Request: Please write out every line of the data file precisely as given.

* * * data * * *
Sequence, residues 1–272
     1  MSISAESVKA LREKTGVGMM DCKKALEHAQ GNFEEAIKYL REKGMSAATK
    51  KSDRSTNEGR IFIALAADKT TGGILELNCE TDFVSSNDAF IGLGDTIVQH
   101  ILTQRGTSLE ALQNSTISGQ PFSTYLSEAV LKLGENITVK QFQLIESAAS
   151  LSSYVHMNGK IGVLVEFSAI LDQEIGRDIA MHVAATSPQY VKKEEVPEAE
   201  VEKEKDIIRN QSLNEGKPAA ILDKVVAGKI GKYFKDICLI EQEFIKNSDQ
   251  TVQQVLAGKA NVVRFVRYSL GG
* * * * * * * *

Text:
Sequence, residues 1–272
     1  MSISAESVKA LREKTGVGMM DCKKALEHAQ GNFEEAIKYL REKGMSAATK
    51  KSDRSTNEGR IFIALAADKT TGGILELNCE TDFVSSNDAF IGLGDTIVQH
   101  ILTQRGTSLE ALQNSTISGQ PFSTYLSEAV LKLGENITVK QFQLIESAAS
   151  LSSYVHMNGK IGVLVEFSAI LDQEIGRDIA MHVAATSPQY VKKEEVPEAE
   201  VEKEKDIIRN QSLNEGKPAA ILDKVVAGKI GKYFKDICLI EQEFIKNSDQ
   251  TVQQVLAGKA NVVRFVRYSL GG